An important discussion within American healthcare over the last several years has been about the cost involved after someone becomes sick and has to manage a chronic illness vs. the cost of preventative care. The imbalance feeds a system that treats the sick rather than keeps people healthy.
You might be wondering what this has to do with adhesives. Though seemingly small and thin, adhesives play an influential role in how medical devices function. When an adhesive is incapable of performing as it should, the domino effect goes beyond a single layer malfunctioning in the device.
The wrong adhesive could mean the device is not able to collect data as intended. As a result, the person using the device can no longer track their health status and adjust behavior accordingly. In addition, their healthcare provider loses the window into their patient’s life that allows them to provide counsel and treat conditions. From there, the person may need to seek additional medical care or, worse, go without support and potentially experience worsening health as a result.
When adhesives perform as needed, however, they can help enable longer wear times for devices while maintaining skin health. People can track their health from the comfort of their homes, therapy can be extended, and the body’s largest organ can function without being jeopardized by something meant to help it.
As medical devices continue to go beyond the disease-treatment space and into health and wellness monitoring functionalities, the requirements that make up a successful device also need to expand. Wear time, accuracy, and reliability are still of utmost importance.
How well a device fits into the user’s everyday life—from comfort and device size to shape and usability—becomes the differentiating factor between one device and its competition. For example, because adhesives take up less space than mechanical fasteners, they offer more flexibility in slimming down a device’s profile and weight.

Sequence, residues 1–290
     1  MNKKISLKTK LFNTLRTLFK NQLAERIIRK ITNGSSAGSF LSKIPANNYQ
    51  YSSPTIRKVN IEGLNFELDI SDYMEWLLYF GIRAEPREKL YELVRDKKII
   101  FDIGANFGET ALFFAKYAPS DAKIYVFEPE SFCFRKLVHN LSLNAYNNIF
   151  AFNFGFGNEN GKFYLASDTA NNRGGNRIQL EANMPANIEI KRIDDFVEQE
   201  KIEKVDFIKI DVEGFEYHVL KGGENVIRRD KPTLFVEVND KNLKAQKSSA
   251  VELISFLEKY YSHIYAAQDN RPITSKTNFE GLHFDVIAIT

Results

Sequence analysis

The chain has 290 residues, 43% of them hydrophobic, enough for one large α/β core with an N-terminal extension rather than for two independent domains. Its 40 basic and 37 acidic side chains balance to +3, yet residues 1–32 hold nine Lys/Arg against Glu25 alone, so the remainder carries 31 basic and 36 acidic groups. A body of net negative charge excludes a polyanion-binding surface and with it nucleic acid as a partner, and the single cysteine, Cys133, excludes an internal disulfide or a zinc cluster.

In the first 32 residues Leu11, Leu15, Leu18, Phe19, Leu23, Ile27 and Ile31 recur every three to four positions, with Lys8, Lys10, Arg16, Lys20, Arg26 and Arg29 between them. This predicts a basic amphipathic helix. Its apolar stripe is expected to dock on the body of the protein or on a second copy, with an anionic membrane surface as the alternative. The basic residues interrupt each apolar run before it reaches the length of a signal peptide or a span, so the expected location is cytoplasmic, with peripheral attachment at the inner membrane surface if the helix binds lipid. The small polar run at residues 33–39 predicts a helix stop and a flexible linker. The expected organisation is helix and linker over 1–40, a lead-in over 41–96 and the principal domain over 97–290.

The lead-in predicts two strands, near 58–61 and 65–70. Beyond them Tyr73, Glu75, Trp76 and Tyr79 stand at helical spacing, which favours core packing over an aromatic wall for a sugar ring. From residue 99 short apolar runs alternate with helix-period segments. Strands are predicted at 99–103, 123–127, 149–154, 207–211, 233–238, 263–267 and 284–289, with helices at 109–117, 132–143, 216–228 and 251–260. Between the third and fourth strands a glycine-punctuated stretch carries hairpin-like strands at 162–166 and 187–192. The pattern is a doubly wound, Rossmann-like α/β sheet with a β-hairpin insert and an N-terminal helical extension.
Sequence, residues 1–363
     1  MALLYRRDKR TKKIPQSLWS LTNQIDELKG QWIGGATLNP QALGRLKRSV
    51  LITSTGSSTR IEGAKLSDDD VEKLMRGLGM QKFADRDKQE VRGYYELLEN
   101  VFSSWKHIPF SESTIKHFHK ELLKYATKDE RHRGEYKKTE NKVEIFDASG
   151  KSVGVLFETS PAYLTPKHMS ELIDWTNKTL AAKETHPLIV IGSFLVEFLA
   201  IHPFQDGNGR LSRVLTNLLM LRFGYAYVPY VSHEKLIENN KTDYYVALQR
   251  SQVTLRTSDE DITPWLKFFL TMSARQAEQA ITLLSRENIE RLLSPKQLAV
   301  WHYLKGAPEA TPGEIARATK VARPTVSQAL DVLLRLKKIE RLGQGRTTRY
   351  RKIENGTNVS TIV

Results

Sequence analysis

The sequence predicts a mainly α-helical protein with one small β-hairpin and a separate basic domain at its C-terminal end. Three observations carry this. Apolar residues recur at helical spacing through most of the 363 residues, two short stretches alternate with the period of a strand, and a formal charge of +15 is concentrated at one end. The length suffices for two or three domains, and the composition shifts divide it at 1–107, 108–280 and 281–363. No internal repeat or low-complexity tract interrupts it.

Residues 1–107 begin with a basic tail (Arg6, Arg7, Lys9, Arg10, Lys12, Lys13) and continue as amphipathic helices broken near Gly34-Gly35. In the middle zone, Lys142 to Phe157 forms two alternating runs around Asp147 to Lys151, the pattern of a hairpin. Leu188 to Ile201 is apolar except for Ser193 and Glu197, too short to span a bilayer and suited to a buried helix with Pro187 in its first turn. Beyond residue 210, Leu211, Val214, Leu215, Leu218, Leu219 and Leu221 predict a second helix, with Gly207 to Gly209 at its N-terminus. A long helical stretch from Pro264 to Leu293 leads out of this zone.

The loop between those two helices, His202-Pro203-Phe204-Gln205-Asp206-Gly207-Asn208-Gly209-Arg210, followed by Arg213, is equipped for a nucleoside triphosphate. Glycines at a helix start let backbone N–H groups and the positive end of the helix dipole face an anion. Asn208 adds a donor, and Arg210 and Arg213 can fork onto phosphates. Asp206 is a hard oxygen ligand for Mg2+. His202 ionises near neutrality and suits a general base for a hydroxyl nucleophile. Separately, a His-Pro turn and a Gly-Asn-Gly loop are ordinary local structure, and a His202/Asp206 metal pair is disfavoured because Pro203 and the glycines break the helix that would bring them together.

It is important to design a medical device that can seamlessly integrate into a user’s lifestyle without compromising their independence or the quality of data. This sentiment is not necessarily new. Many medical device manufacturers have already been striving to meet this success indicator. As expectations of technology, data, and the experience interacting with both evolve, manufacturers need to get on board or be left behind.
Think about a friend or loved one with a chronic condition or one who is working to better their health. Can their physician monitor their health in real time? Does your friend rely on internal data to make medical decisions? Would both help improve the person’s overall health?
The power to create better, smarter medical devices that keep people healthy is in our hands. We need to start seeing adhesives as the intimate connection between device and user, not as a simple material that is added to the device. Doing so will empower medical devices to do all they can to help improve our lives.
For more information, visit www.3m.com/medtech.
Note: Images courtesy of 3M.